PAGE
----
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even to those unhappy persons, an hearty support in effectuating the peace of the empire, and every opposition in an attempt to cast it again into disorder.

When that happy hour shall arrive, let us in all affection recommend to you the wisdom of continuing, as in former times, or even in a more ample measure, the support of your government, and even to give to your administration some degree of reciprocal interest in your freedom. We earnestly wish you not to furnish your enemies, here or elsewhere, with any sort of pretexts for reviving quarrels by too reserved and severe or penurious an exercise of those sacred rights which no pretended abuse in the exercise ought to impair, nor, by overstraining the principles of freedom, to make them less compatible with those haughty sentiments in others which the very same principles may be apt to breed in minds not tempered with the utmost equity and justice.

The well-wishers of the liberty and union of this empire salute you, and recommend you most heartily to the Divine protection.

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JULY 18, 1778


This Letter is addressed to Mr. Pery, (afterwards Lord Pory,) then Speaker of the House of Commons of Ireland. It appears, , there had been much correspondence between that gentleman and Mr. Burke, on the subject of heads of a bill (which had passed the Irish House of Commons in the summer of the year 1778, and had been transmitted by the Irish Privy Council of (to ?] England) for the relief of his Majesty's Roman Catholic subjects in Ireland. The bill contained a clause for exempting the Protestant Dissenters of Ireland from the sacramental test, which created a strong objection to the whole measure on the part of the English government. Mr. Burke employed his most strenuous efforts to remove the prejudice which the king's ministers entertained against the clause, but the bill was ultimately returned without it, and in that shape passed the Irish Parliament. (17th and 18th Geo. III. cap. 49.) In the subsequent session, however, a separate act was passed for the relief of the Protestant Dissenters of Ireland.



Y DEAR SIR, - I received due course your

two very interesting and judicious letters, which gave me many new lights, and excited me to fresh activity in the important subject they related to. However, from that time I have not been perfectly free from doubt and uneasiness. I used a liberty with those letters, which, perhaps, nothing can thoroughly justify, and which certainly nothing but the delicacy of the crisis, the clearness of my intentions, and your great good-nature can at all excuse. I might conceal this from you; but I think it better to lay the whole matter before you, and submit myself to your mercy,- assuring you, at the same time, that, if you are so kind as to continue your confidence on this, or to renew it upon any other occasion, I shall never be tempted again to make so bold and unauthorized an use of the trust you place in me. I will state to you the history of the business since my last, and then you will see how far I am excusable by the circumstances.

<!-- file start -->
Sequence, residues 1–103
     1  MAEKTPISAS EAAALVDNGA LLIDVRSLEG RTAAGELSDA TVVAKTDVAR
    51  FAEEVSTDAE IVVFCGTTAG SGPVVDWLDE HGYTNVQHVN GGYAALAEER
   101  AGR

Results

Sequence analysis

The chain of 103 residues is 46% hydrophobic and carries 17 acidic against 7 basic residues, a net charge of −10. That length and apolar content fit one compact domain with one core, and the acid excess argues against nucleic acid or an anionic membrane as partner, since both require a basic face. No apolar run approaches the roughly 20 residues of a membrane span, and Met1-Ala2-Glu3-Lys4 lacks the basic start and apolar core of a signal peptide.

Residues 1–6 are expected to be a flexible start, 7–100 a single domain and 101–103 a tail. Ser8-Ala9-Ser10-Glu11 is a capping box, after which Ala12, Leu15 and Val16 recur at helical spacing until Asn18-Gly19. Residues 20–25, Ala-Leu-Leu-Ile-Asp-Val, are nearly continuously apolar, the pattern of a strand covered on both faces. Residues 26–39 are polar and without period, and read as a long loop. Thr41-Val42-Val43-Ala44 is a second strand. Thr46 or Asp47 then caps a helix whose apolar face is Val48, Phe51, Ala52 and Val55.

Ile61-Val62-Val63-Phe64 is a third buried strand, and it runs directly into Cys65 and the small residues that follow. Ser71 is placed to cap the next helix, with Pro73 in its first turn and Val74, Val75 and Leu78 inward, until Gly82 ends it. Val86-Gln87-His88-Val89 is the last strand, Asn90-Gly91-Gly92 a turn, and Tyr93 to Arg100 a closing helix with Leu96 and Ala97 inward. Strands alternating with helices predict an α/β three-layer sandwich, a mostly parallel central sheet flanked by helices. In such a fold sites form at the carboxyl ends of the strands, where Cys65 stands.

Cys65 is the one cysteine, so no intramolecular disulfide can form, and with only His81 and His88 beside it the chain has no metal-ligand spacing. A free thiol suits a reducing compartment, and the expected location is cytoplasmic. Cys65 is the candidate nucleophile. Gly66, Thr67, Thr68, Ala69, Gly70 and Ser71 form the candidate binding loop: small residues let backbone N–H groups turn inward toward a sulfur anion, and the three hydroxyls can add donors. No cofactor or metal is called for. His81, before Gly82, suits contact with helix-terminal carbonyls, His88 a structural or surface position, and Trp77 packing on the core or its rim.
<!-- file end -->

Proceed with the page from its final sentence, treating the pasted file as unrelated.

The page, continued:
On the 3rd of July I received a letter from the Attorney-General, dated the day before, in which, in a very open and obliging manner, he desires my thoughts of the Irish Toleration Bill, and particularly of the Dissenters' clause. I gave them to him, by the return of the post, at large; but, as the time pressed, 1 kept no copy of the letter. The general drift was strongly to recommend the whole, and principally to obviate the objections to the part that related to the Dissenters, with regard both to the general propriety and to the temporary policy at this juncture. I took, likewise, a good deal of pains to state the difference which had always subsisted with regard to the treatment of the Protestant Dissenters in Ireland and in England, and what I conceived the reason of that difference to be. About the same time I was called to town for a day; and I took an opportunity, in Westminster Hall, of urging the same points, with all the force I was master of, to the SolicitorGeneral. I attempted to see the Chancellor for the same purpose, but was not fortunate enough to meet him at home. Soon after my return hither, on Tuesday, I received a very polite and I may say friendly letter from him, wishing me (on supposition that I had continued in town) to dine with him as [on ?] that day, in order to talk over the business of the Toleration Act, then before him. Unluckily I had company

and was not able to leave them until Thursday, when I went to town and called at his house, but missed him. However, in answer to his letter, I had before, and instantly on the receipt of it, written to him at large, and urged such topics, both with regard to the Catholics and Dissenters, as I imagined were the most likely to be prevalent with him. This letter I followed to town on Thursday. On my arrival I was much alarmed with a report that the ministry had thoughts of rejecting the whole bill. Mr. M’Namara seemed apprehensive that it was a determined measure; and there seemed to be but too much reason for his fears.

Not having met the Chancellor at home, either on

with me,

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